Jared Pomroy (1968-1998)
Jared Pomroy was born in Lihue, Kauai, on October 27, 1968. Jared was his middle name. His
first name was Hawaiian: Kamakanaho'oulualohao'kalani.
Jared grew up in Kauai in a Mormon family. Later he moved to the continental United States.
Jared attended Brigham Young University in both Provo and Hawaii. He served an LDS mission in
Hokkaido, Japan. At the time of his death, he was working for an engineering firm in Tacoma,
Jared committed suicide in Tacoma, Washington, on August 27, 1998. He was 29 years old.
Jared's body was cremated and his ashes scattered in Hawaii.
His partner Brian wrote the following:
Jared lived a happy life. He was an optimist in every situation. He loved to play volleyball
in the sand. He loved to watch the sun set into the ocean. Jared was stunning to look
at--a giant of a man, physically and metaphorically. He always kept his body in great
physical shape. He loved weight-lifting. Most of his college days were spent in the
gym--right where he wanted to be.
He was an intelligent man. He earned a degree in engineering, though his passion was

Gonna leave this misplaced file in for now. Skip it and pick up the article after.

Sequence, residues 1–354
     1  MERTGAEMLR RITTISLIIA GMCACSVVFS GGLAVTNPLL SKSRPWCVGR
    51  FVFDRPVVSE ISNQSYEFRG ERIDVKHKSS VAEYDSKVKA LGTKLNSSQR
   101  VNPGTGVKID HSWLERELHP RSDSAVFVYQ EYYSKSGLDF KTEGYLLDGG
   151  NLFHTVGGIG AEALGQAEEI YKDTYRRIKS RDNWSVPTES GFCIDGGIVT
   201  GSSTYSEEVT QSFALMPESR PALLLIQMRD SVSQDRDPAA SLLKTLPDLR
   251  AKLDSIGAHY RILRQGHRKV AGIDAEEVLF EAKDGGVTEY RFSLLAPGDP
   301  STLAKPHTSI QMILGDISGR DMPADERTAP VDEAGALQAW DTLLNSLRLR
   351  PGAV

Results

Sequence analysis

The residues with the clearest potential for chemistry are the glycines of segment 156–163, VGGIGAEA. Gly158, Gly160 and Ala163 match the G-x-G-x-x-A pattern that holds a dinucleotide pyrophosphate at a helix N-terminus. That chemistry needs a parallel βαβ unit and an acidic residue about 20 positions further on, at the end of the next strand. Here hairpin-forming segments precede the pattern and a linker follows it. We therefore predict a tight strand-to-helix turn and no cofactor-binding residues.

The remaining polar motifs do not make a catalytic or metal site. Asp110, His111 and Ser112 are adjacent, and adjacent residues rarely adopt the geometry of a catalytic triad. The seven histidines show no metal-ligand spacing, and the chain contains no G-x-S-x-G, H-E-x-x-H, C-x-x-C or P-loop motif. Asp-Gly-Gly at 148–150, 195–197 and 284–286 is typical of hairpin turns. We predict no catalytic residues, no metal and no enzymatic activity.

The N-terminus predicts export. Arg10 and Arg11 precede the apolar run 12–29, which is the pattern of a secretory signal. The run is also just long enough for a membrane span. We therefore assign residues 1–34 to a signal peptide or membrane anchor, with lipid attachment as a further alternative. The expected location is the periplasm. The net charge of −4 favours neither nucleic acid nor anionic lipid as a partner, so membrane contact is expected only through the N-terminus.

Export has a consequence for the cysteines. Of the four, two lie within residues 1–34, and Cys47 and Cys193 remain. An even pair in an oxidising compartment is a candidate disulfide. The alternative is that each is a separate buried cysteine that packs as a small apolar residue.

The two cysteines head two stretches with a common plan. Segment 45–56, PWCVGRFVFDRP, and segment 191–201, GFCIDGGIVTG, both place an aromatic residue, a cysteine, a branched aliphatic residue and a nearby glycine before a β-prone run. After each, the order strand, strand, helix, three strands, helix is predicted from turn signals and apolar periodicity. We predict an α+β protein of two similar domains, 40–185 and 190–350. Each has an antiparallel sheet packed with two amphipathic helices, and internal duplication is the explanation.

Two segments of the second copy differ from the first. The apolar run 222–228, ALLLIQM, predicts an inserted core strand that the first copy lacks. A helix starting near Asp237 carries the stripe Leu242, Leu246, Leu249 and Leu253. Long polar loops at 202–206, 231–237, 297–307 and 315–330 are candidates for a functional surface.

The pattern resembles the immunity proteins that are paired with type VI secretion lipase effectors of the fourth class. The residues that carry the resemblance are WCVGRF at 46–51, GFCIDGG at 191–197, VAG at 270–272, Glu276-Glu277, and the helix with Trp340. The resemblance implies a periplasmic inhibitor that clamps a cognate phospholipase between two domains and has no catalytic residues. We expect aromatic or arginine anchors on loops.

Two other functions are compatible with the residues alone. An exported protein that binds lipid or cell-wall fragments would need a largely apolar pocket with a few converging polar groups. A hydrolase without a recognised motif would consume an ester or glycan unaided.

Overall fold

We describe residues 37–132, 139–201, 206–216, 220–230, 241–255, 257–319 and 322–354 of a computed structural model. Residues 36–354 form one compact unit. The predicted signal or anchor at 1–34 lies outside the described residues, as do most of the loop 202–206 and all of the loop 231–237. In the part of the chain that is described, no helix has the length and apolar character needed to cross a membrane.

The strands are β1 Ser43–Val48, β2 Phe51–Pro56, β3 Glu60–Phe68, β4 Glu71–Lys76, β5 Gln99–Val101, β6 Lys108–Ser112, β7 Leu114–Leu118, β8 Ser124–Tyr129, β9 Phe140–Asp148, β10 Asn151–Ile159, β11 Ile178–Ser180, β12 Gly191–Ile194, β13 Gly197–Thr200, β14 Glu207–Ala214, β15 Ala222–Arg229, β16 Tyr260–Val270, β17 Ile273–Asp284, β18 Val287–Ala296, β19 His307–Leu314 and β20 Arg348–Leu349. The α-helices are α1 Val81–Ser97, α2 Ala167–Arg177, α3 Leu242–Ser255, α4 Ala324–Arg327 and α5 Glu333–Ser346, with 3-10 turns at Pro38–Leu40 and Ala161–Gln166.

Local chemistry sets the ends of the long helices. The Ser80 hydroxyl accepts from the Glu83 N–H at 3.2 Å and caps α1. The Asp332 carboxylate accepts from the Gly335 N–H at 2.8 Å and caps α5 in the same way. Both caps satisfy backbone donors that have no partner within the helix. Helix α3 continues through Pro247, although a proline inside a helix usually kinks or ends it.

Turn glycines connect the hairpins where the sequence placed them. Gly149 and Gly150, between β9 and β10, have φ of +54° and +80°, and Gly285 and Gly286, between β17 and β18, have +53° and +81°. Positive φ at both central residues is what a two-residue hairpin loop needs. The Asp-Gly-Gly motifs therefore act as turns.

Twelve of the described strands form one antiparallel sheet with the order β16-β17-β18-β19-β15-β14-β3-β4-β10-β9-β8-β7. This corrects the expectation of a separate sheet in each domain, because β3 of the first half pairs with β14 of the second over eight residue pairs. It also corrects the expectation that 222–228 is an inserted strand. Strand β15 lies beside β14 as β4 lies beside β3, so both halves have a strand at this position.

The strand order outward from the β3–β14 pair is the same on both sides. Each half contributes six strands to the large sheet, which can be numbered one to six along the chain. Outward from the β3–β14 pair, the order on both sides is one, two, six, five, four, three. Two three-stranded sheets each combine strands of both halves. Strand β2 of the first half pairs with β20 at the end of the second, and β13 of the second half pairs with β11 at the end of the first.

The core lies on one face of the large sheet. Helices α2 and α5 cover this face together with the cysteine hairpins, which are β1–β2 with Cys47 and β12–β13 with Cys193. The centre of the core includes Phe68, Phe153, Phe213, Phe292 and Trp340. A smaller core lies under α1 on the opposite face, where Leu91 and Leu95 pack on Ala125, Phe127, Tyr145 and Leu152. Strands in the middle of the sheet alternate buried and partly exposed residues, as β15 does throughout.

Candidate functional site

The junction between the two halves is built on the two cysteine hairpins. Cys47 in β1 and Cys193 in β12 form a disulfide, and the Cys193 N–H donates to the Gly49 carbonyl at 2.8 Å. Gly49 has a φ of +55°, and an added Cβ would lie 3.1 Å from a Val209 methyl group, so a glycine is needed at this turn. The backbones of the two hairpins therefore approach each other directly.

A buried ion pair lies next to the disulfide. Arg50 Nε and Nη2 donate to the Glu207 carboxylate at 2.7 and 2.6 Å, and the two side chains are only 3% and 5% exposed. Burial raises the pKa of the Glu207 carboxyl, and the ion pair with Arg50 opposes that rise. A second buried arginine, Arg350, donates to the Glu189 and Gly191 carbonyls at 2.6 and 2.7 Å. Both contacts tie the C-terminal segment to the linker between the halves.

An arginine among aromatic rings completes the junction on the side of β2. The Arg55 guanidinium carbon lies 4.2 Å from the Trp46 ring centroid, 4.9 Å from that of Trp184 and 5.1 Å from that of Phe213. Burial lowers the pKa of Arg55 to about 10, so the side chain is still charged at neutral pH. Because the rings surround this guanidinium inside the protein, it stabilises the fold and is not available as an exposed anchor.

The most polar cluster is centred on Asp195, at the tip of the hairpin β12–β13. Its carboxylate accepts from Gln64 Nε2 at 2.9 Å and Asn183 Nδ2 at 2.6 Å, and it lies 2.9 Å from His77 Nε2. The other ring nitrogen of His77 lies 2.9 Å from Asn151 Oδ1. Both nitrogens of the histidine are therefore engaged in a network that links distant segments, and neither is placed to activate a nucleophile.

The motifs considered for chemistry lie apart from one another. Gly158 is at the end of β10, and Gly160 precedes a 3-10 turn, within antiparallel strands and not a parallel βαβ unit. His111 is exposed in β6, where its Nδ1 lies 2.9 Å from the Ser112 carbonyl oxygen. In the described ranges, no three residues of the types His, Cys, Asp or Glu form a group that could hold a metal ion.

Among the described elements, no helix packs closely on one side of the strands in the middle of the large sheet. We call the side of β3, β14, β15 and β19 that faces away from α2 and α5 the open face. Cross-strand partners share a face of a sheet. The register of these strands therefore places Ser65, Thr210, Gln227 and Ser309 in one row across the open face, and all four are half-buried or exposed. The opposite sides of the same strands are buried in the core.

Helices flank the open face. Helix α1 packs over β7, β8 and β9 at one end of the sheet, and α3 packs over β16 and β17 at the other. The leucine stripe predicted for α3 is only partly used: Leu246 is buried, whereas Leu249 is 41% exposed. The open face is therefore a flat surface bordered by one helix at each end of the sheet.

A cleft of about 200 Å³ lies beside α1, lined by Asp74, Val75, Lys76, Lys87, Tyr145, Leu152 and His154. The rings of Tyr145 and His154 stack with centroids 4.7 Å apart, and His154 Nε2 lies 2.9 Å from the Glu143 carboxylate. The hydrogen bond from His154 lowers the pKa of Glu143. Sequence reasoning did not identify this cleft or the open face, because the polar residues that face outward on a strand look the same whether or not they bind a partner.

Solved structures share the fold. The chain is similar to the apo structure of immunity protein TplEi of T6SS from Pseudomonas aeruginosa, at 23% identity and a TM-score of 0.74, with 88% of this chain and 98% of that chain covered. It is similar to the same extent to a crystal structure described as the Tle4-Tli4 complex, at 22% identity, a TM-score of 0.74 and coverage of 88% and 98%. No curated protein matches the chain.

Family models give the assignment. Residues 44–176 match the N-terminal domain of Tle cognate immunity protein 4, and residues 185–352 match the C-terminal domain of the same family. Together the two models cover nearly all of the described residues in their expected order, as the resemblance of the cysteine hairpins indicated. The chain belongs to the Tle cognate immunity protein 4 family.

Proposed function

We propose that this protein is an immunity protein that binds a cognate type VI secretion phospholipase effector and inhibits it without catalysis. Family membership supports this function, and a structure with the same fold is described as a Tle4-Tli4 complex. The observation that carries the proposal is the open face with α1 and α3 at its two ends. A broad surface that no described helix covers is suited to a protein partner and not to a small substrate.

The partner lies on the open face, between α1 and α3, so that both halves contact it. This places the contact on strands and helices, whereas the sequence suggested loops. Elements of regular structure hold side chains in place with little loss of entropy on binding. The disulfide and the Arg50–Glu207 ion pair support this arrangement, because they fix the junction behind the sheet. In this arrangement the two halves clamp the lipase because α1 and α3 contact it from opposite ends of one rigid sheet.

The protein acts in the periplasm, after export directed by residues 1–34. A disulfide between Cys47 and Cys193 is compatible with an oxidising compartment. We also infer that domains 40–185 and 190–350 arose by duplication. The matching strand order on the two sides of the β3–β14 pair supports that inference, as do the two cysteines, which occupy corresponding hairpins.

Jared led a happy but troubled life, due in large part to his own (and others') expectations
of a person that he was not. Ultimately, he was not able to cope with that and felt he could
not go on.
Many times when I think of and remember him, I remember the seemingly "little" things. He
loved butterflies. He loved to listen to music. He enjoyed swimming. Since his death, I also
think of this quote almost every time I think of Jared: "I wanted only to try to live in
accord with the promptings which came from my true self. Why was that so very difficult?"
I was fortunate to have known Jared. I am a different, and hopefully better, person because
I knew him. I miss him.
Jared's favorite poem:
Jared and his partner first heard this poem in the movie Four Weddings and
a Funeral. Jared left him a copy of this poem when he died with a note that stated,
"I love you..." and he signed it with his given Hawaiian name.
Stop All the Clocks
By W. H. Auden
Stop all the clocks, cut off the telephone,
Prevent the dog from barking with the juicy bone,
Silence the pianos and with muffled drum
Bring out the coffin, let the mourners come.
Let airoplanes circle moaning overhead
Scribbling on the sky the message He Is Dead,
Put crepe bows round the white necks of the public doves,
Let the traffic policemen wear black cotton gloves.
He was my North, my South, my East and West,
My working week and my Sunday rest,
My noon, my midnight, my talk, my song;
I thought that love would last forever; I was wrong.
The stars are not wanted now: put out every one;
Pack up the moon and dismantle the sun;
Pour away the ocean and sweep up the wood.
For nothing now can ever come to any good.